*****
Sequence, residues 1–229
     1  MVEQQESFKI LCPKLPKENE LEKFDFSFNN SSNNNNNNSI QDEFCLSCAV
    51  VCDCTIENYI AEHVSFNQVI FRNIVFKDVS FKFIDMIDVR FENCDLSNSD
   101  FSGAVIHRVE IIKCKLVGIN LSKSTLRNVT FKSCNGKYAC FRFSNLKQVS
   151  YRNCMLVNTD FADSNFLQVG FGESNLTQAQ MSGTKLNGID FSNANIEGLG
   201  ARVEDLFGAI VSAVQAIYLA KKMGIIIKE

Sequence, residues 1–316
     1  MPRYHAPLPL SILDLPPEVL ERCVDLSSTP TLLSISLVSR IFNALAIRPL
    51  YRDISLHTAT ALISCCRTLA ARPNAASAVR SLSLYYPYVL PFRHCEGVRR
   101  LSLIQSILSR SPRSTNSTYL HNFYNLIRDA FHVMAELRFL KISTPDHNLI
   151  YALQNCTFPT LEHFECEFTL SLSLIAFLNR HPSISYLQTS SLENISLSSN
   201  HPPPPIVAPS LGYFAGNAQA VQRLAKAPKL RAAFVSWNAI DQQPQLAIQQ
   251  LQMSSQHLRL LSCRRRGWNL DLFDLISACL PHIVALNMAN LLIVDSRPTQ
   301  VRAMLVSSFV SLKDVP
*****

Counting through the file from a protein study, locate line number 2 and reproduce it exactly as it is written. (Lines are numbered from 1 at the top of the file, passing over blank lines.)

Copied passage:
     1  MVEQQESFKI LCPKLPKENE LEKFDFSFNN SSNNNNNNSI QDEFCLSCAV